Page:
Friday, November 30, 2012

A K9 Nose Work® Day At The Park

The park is one of the best places to practice K9 Nose Work. Whether your dog is new to the activity or working towards an NW3 title, there are myriad ways you can use the park environment to challenge your dog appropriately. If you've yet to take advantage of all that the park can offer, the following tips should help you prepare for a fun and rewarding day of K9 Nose Work at the park.

Before you start searching:

make sure to have a safe, secure place for your dog to rest between searches

check the safety of your environment - look out for dangerous debris like broken glass, check the stability of any objects your dog could lean or climb on, be on the lookout for off-leash animals or wandering park-goers who may enter your search area

think about what you want to achieve for the day (searching amidst high distractions, working on complex hide placements, or just completing a search without your dog peeing!) and choose your areas and place your hides to help meet those goals. Picking a large grassy area and setting a hide at the opposite end from your chosen start line might be setting a pee-happy dog up for failure.

give your dog plenty of opportunities to go to the bathroom; ideally, choose an area away from your search area so your dog is not in search mode when you want him to be in pee mode

plan for a recovery search if anything goes wrong (the environment is too distracting, the hide is too difficult) and don't be afraid to pair to ensure your dog goes to odor and gets rewarded

Okay, let's get sniffing!

Start off with a quick successful search - This is the search that warms your dog up and lets him know that the game is on! Every team can benefit from starting this way. Define a small search area and place a hide close to where you plan to start your search. The effect you're looking for here is the "aah ha!" moment from your dog, not necessarily a bee-line to the hide. What you want to be careful to avoid is misinterpreting your dog's crittering twenty yards away from the hide as part of his warm up routine. This search should not go on for more than a minute, so do your dog a favor if he can't fight the urge to critter, and move him on so his nose gets more chances to cross the path of the odor - that doesn't mean dragging him over the hide, just getting him moving around in closer proximity to the hide.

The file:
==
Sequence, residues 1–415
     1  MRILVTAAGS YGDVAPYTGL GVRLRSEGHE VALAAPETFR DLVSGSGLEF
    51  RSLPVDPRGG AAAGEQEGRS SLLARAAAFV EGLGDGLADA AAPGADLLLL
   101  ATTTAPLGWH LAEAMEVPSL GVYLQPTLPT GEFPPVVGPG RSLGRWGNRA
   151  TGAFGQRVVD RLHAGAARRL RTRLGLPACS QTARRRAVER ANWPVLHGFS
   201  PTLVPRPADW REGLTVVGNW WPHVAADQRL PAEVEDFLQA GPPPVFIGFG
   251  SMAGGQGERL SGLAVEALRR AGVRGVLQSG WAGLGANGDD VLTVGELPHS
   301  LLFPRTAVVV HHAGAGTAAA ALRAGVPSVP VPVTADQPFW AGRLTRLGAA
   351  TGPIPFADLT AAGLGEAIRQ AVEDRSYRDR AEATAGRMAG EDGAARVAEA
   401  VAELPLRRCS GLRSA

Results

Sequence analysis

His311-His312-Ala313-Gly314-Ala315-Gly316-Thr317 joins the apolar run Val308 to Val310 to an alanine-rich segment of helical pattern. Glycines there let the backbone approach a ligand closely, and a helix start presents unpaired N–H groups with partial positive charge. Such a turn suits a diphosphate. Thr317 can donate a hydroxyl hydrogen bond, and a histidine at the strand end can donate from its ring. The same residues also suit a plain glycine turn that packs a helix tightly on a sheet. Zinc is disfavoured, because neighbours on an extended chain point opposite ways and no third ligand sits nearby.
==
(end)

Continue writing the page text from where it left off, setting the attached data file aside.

The blue triangle roughly defines the search area and the red 'x'
approximates the hide location.  Use trees and other objects to help you
identify search area boundaries and hide placements.
the hide is a clear tube with several odor
cotton swabs, partially obscured by a twig. 
Something old and something new - Keep that warm-up hide out and redefine your search area, and while you're at it, add a new hide. Now you can turn a threshold hide into a permiter hide on the outer edge of your new search area. With your second hide, choose something with a slight elevation, like a tin placed low on a sign post. Your start line for this new search are should be a locus equidistant of the two hides. Depending on wind conditions, the elevated hide should be easier for your dog to catch from far away, but the old hide will have some extra value for some dogs as a prior source of reward. Either way, you're likely to have a determined and successful searcher for your second round of hides.

This search shares a hide and a perimeter line with the first search.
The new hide is on the sign post and the start line should be on the
perimeter line closest to the cars and the street. 

Sign post hide in the second search.


  A nose work-out at the park - If you can find a place to set out several contained hides (see picture) spaced out in a line, you can give your dog a fast, multiple reward search that builds a lot of expectation for search & reward in the park environment. Work the line of hides down and back if you really want your dog feeling the K9 Nose Work burn!
Small square holes in the wall spaced about eight feet apart make for the perfect search exercise set up.
Close up on one of the holes in the wall.